However, these multilateral discussions are only just getting started which is why progress on governance of digital trade-related issues has largely taken place in the context of bilateral and regional trade agreements (RTAs). Indeed, according to calculations made using the TAPED database which maps digital trade provisions in trade agreements (Burri and Polanco, 2020[12]), 113 RTAs, representing 34% of all RTAs notified to the WTO, include specific provisions on digital trade.2 Most of these, close to two-thirds, have arisen between 2014 and 2016 covering issues from customs duties on electronic transmissions to domestic regulation, electronic authentication, data protection and paperless trade.

By virtue of Brazil’s WTO membership, many issues that will matter for the governance of Brazil’s digital trade will fall within the purview of existing agreements. For instance, the GATT and GATS will cover digitally ordered or delivered trade in goods and services. Moreover, agreements such as the Trade Facilitation Agreement will cover issues that matter for cross-border trade in digitally ordered goods. Brazil is also pursuing deeper discussions on e-commerce related issues through its active participation to the WTO Joint Statement Initiative discussions. This includes proposals on issues such as e-contracts, e-authentication, paperless trading, consumer protection, data flows, privacy protection and others.3

Recently, Brazil has also begun incorporating digital trade provisions in its trade agreements as is the case with Chile. In June 2019, Mercosur and the European Union reached a political agreement for a comprehensive trade agreement (EU-Mercosur Association Agreement), which covers issues related to e-commerce as well. Moreover, in April 2021 MERCOSUR concluded negotiations on the MERCOSUR Agreement on Electronic Commerce which touches on issues such as customs duties on electronic transmissions, e-signatures, e-authentication, personal data protection and cross-border data flows, and spam.

Digitalisation can impact trade in different ways. It can enable more trade in more complex goods and services, and, at the same time, it can also facilitate trade across more traditional sectors (López González and Ferencz, 2018[3]). Understanding how trade has evolved in Brazil is key to identifying the potential impact that digitalisation has had or can have on Brazilian trade.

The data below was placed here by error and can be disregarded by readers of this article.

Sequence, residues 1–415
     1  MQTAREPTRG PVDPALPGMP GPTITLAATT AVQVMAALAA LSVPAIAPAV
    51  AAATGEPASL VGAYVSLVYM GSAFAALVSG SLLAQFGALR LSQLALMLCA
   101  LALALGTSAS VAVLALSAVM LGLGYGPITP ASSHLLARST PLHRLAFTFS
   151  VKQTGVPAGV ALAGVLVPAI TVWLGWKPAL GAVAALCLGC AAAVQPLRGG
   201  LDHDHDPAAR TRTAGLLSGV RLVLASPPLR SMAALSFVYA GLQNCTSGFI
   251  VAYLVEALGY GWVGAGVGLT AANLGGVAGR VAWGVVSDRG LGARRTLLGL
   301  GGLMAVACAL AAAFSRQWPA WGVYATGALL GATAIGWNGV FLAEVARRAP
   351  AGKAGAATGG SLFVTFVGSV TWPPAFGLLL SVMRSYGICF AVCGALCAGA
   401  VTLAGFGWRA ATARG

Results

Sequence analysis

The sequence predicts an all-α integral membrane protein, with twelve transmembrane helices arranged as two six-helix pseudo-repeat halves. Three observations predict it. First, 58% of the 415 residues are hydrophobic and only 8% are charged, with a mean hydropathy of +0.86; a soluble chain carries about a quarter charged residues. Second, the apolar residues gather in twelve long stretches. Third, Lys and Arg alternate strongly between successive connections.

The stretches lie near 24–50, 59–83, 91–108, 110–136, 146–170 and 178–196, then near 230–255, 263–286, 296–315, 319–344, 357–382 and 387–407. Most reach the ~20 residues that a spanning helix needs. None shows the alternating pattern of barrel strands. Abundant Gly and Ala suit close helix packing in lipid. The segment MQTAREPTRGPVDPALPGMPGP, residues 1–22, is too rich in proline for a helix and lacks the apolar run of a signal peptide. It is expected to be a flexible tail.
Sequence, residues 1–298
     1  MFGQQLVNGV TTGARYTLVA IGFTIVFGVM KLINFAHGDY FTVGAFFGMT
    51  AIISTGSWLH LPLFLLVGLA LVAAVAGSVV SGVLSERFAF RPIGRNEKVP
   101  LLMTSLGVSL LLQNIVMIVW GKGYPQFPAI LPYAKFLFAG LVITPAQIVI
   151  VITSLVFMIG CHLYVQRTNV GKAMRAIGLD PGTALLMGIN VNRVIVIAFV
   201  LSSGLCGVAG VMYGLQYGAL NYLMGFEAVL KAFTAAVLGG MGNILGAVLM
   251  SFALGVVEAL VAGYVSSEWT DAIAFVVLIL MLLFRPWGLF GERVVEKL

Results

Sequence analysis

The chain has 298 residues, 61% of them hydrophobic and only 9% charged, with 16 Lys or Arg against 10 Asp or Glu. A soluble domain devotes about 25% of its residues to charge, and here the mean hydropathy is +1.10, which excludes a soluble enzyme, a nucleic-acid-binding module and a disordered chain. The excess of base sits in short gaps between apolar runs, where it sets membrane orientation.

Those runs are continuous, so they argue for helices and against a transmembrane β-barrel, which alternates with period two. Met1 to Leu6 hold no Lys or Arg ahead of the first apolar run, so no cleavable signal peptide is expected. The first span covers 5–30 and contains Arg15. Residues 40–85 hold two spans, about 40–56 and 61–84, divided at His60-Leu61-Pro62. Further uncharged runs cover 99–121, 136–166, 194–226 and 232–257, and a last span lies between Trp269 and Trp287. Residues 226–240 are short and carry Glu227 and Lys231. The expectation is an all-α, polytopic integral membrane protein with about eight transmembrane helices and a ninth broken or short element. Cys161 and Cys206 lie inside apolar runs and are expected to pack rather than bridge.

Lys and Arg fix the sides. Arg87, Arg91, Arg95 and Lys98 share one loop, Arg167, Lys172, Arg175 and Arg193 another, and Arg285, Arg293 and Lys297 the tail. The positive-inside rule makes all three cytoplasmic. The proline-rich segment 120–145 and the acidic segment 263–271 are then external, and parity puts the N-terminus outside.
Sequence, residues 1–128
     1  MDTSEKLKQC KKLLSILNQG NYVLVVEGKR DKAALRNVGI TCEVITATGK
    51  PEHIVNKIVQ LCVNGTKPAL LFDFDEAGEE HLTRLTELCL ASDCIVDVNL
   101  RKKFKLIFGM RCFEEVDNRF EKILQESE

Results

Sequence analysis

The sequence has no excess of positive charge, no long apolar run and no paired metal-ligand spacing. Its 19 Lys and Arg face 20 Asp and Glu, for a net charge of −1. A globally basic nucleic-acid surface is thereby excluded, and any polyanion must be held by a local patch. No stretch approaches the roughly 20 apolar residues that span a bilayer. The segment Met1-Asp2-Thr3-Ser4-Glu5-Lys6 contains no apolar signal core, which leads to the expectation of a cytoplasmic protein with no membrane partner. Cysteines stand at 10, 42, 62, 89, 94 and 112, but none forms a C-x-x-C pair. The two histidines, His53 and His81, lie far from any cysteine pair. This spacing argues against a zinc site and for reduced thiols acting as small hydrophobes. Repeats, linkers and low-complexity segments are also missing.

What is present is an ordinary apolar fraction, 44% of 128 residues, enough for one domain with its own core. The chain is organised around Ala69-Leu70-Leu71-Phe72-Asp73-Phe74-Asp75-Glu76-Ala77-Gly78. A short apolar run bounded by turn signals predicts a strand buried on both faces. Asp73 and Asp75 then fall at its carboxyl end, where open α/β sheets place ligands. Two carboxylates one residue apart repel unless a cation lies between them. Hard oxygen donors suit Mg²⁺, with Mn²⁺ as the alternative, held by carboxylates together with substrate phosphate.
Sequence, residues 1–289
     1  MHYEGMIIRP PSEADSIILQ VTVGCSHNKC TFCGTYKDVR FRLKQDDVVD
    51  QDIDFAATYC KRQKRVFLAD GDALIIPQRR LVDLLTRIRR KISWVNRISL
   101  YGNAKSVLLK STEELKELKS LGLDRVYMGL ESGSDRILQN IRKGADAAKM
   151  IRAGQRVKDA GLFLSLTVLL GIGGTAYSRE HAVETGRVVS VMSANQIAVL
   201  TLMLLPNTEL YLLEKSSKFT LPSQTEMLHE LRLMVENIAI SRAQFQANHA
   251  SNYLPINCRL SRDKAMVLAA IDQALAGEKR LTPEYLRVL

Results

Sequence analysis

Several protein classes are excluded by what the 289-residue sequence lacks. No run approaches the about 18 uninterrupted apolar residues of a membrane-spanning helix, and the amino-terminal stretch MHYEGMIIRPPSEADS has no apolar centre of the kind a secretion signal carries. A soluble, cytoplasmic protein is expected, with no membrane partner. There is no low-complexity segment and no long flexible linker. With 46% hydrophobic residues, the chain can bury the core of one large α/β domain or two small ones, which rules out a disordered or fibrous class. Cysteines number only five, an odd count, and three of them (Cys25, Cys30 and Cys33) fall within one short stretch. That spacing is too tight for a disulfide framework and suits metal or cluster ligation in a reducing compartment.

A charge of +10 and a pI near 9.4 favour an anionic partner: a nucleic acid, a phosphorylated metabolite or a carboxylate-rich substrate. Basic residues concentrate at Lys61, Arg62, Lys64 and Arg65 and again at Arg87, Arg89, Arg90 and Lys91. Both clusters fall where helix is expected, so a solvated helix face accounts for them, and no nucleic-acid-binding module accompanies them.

Trade is an important share of Brazil’s GDP – merchandise trade represents around 26% of GDP and services trade occupies a smaller 5.4% of GDP in 2020 (Figure 1.4). The relatively stable share of trade in GDP masks considerable growth in merchandise exports which have outpaced world exports (despite sharp declines between 2011 and 2016). However, Brazilian imports have only just about kept pace with world import growth, also despite large decreases between 2014 and 2016 (Figure 1.5). Overall, Brazil imported around USD 140.6 billion and exported USD 190.8 billion of goods, running a trade surplus of around USD 50 billion in 2018. In services, Brazil imported USD 68 billion worth of services and exported around USD 35 billion, running a trade deficit of about USD 33 billion.

Brazil’s merchandise exports are largely natural resource based – raw materials and agro-food products represent nearly half of total exports by value in 2019. By contrast, imports concentrate in the machinery and transport equipment and the chemicals sectors (Figure 1.6). At the product level, Brazil’s exports have become more concentrated while its imports have become more diversified and at the country level exports and imports have become more concentrated. This means that, today, Brazil exports fewer products to fewer destinations and imports more products from fewer destinations than ten years ago (Figure 1.7).

At the product level, soya beans were Brazil’s top export in 2019 accounting for about 11% of total exports (around USD 33 billion). Five of the other top ten merchandise exports are also agricultural goods (including also maize, bovine and chicken meat and coffee), the rest are raw materials (iron ores, wood and petroleum). This suggests that part of the impact of digitalisation on Brazil’s exports is going to depend on the extent to which Brazil can leverage digital technologies to enable these sectors of comparative advantage to grow. Brazil’s import basket is, by contrast, much more diversified, including petroleum oil as well as a semiconductors, pharmaceutical products, chemicals, industrial parts and motor vehicles and telephony apparatus (Figure 1.8).